U.S. Department of Energy Wants to Get Into the Self-Driving Car Business

Amended rules allow its loan program to fund producers of autonomous vehicles

1 min read
U.S. Department of Energy Wants to Get Into the Self-Driving Car Business
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One week after Google made a splash with a demo of the latest iteration of its self-driving cars, we learned about the company’s plans to produce a limited number of custom-built prototypes with no steering wheels or control pedals. Right on its heels came news that California plans to issue driver’s licenses to experimental self-driving cars.

What didn’t garner as much attention was the banal side of the equation: a seemingly small change in U.S. federal government rules that could end up having a tremendous impact on the further development of the self-driving car. Last Thursday, Secretary of Energy Ernest Moniz told the Detroit News that in response to inquiries from companies doing autonomous vehicle research, the qualifications for getting a loan via the Department of Energy’s Advanced Technology Vehicle Manufacturing program have been amended to include makers of driverless cars.

Moniz demurred when asked about a timetable for new disbursements from the high risk/reward program that has roughly $16 billion to lend. Though the program has a stellar track record—with notable successes including Elon Musk’s electric vehicle startup Tesla Motors—the government tightened its grip on the purse strings after Solyndra, another of the program’s recipients, went bankrupt in 2011.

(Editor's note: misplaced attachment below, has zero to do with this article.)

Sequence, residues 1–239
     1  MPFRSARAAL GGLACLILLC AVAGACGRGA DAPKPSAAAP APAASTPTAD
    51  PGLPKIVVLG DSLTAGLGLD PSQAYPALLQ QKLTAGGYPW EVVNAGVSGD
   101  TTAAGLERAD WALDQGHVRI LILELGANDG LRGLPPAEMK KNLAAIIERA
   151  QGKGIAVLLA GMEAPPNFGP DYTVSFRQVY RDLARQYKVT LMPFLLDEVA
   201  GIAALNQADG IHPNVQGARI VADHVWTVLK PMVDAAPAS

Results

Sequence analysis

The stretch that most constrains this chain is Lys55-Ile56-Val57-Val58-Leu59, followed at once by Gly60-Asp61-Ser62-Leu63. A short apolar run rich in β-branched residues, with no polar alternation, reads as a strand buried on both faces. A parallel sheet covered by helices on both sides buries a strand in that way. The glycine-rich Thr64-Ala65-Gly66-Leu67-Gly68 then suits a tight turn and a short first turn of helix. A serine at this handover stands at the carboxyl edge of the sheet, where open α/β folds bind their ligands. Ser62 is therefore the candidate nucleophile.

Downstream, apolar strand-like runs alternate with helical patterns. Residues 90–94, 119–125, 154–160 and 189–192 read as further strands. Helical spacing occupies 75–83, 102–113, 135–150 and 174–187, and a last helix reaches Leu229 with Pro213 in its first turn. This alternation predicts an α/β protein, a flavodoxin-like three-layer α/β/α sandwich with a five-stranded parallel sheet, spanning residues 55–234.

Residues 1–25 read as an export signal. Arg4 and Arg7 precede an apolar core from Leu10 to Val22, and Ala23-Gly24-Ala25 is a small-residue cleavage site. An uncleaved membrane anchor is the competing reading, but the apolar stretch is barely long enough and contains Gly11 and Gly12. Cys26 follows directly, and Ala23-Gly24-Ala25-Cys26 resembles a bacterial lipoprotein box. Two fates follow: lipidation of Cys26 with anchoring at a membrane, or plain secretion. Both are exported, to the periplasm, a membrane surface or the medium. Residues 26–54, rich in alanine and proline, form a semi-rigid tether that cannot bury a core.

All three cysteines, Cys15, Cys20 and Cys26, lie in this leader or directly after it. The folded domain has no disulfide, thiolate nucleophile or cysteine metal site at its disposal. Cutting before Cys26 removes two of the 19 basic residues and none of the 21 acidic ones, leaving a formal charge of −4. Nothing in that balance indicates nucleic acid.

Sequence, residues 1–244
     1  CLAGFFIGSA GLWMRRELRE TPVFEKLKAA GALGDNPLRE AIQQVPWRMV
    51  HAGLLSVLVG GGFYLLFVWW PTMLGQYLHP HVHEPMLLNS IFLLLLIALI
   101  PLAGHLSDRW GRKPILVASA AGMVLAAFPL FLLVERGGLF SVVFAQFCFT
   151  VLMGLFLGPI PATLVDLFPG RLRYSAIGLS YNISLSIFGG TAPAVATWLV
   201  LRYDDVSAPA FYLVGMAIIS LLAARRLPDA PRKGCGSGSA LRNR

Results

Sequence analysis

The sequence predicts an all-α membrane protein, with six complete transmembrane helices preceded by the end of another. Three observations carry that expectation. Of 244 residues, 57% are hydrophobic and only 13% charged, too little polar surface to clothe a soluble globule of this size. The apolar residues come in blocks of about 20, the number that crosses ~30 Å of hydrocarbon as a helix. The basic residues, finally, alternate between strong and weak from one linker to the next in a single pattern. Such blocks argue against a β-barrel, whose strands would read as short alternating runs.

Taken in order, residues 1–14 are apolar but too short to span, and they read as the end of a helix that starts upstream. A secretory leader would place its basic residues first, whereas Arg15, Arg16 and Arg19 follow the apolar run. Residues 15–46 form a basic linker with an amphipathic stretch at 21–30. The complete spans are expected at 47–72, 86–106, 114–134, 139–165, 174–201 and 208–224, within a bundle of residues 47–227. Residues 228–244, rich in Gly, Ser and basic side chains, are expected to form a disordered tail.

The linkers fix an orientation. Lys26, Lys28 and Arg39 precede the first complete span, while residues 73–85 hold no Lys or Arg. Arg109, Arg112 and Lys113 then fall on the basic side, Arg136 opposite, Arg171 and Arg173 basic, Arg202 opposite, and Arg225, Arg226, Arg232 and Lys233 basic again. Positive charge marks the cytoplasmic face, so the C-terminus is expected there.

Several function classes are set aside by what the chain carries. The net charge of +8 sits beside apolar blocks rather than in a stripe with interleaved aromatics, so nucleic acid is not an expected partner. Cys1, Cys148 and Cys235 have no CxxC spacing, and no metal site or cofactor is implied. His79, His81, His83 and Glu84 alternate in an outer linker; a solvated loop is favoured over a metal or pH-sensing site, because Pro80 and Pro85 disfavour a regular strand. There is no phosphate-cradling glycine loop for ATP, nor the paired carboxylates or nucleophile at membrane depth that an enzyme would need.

If the current trend, with Google getting maximum governmental cooperation, persists, Google and its ilk will find a way to loosen those purse strings when the companies are ready to make the transition from using their own cash on experimental vehicles to getting government backing for, say, a limited number of custom-built prototypes.

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We Need More Than Just Electric Vehicles

To decarbonize road transport we need to complement EVs with bikes, rail, city planning, and alternative energy

11 min read
A worker works on the frame of a car on an assembly line.

China has more EVs than any other country—but it also gets most of its electricity from coal.

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EVs have finally come of age. The total cost of purchasing and driving one—the cost of ownership—has fallen nearly to parity with a typical gasoline-fueled car. Scientists and engineers have extended the range of EVs by cramming ever more energy into their batteries, and vehicle-charging networks have expanded in many countries. In the United States, for example, there are more than 49,000 public charging stations, and it is now possible to drive an EV from New York to California using public charging networks.

With all this, consumers and policymakers alike are hopeful that society will soon greatly reduce its carbon emissions by replacing today’s cars with electric vehicles. Indeed, adopting electric vehicles will go a long way in helping to improve environmental outcomes. But EVs come with important weaknesses, and so people shouldn’t count on them alone to do the job, even for the transportation sector.

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